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Fed Wants Workers to Get Pay Faster
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Fed Wants Workers to Get Pay Faster

WASHINGTON — The Federal Reserve said on Monday that it would create a real-time payments system, with the goal of making paychecks and money transfers available for use more quickly.

The move is aimed at narrowing the amount of time between when money is deposited or transferred into an account and when it is available for use. That gap can span several hours or several days, putting individuals — particularly low-income Americans — at a disadvantage.

Community groups, smaller banks and advocates for low-wage earners have been calling for the Fed to limit the delay and to create a public sector option for real-time payments. But some in the banking industry, particularly large banks, have pushed back against the effort over concerns that the Fed’s involvement will compete with their products and potentially crowd out private-sector efforts.

The round-the-clock service will be called FedNow and is expected to become available in 2023 or 2024, according to the Fed’s news release.

“Immediate access to funds could be especially important for households on fixed incomes or living paycheck to paycheck, when waiting days for the funds to be available to pay a bill can mean overdraft fees or late fees that can compound,” a Fed governor, Lael Brainard, said in a speech announcing the effort.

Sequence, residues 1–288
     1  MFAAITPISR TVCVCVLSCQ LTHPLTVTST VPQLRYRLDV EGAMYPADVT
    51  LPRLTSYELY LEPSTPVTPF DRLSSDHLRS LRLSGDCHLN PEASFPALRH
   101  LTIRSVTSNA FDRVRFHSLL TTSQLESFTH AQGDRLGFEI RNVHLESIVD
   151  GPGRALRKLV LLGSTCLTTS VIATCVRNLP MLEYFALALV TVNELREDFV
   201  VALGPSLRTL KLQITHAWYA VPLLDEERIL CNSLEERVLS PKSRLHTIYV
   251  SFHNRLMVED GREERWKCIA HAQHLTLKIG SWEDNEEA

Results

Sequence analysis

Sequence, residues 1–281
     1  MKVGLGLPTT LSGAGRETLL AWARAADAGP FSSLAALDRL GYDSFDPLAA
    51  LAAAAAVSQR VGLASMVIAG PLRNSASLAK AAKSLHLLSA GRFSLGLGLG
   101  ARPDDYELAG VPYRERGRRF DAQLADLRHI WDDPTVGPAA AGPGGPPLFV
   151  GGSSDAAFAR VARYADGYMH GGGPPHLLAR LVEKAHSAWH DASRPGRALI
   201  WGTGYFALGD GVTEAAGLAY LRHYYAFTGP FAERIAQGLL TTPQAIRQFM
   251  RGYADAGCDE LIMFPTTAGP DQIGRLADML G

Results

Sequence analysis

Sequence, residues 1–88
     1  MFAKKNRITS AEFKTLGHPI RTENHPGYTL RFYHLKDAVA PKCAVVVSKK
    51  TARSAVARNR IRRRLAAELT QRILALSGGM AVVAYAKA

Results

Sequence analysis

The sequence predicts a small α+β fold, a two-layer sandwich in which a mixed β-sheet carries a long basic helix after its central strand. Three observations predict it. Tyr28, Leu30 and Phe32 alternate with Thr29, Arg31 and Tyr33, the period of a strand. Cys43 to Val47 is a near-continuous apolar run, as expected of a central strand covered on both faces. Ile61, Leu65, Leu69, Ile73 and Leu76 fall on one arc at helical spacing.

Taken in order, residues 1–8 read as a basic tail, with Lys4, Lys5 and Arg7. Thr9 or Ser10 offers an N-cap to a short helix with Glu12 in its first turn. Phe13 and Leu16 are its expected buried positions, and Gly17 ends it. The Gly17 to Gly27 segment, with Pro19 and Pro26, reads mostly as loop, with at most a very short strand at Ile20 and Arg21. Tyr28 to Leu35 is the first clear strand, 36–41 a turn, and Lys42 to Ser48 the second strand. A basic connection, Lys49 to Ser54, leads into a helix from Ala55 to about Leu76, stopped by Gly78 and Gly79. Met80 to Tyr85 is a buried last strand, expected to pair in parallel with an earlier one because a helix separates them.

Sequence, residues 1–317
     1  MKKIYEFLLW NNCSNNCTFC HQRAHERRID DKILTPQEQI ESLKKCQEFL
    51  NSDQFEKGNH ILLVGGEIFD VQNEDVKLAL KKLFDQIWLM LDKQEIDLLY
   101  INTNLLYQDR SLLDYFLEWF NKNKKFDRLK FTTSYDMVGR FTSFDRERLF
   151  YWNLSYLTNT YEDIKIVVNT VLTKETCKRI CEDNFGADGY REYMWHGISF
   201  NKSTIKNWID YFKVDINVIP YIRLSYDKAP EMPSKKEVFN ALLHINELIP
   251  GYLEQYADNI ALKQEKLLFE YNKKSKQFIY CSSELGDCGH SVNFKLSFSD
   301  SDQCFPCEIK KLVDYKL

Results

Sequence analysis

The central bank is requesting comment on the design of the service, which is meant to be a platform on which the private sector can build.

Banks have been investing in their own real-time payment initiatives through the Clearing House Payments Company. Under the Monetary Control Act, to create its own system the Fed has to show that it is providing a service that the private sector can’t.

The Wall Street Journal editorial board has argued that the Fed is not meeting that standard. James Aramanda, president and chief executive of the Clearing House, said in a column this year that “even the potential” of a Fed real-time payment service was “slowing the progress of faster payments in the United States” because institutions were waiting to see what the Fed would do. He also said that redundancy between the two systems “would increase costs for all direct and indirect users of the systems.”

But Ms. Brainard emphasized on Monday that a single, private-sector real-time payments service would create risks, because it might not provide equitable access and there would not be a backup should it fail. Having a competing system could lower prices, improve service quality and increase innovation, according to the Fed’s release.

After “carefully weighing important considerations on both sides, we have concluded it is our responsibility to take action in support of a real-time payment infrastructure accessible to all,” Ms. Brainard said.

The Fed’s vice chair for supervision, Randal K. Quarles, cast the sole dissenting vote against creating the system.

Greg Baer at Bank Policy Institute, which does research and lobbying for large banks, has suggested that the Fed could undercut the Clearing House’s pricing in the real-time payments space. The American Bankers Association, which serves small to large institutions, said on Monday that a Fed-built system would take time to put into effect, and that it would encourage banks to consider connecting to the Clearing House’s network as it was built.

A group of Democrats recently introduced legislation that would force the Fed to create its own real-time payments system, and they reacted positively to the announcement.

“Today’s decision from the Federal Reserve is a huge win for the American people and for our economy,” Senator Chris Van Hollen, a Democrat from Maryland and a co-author on that legislation, said in a release.

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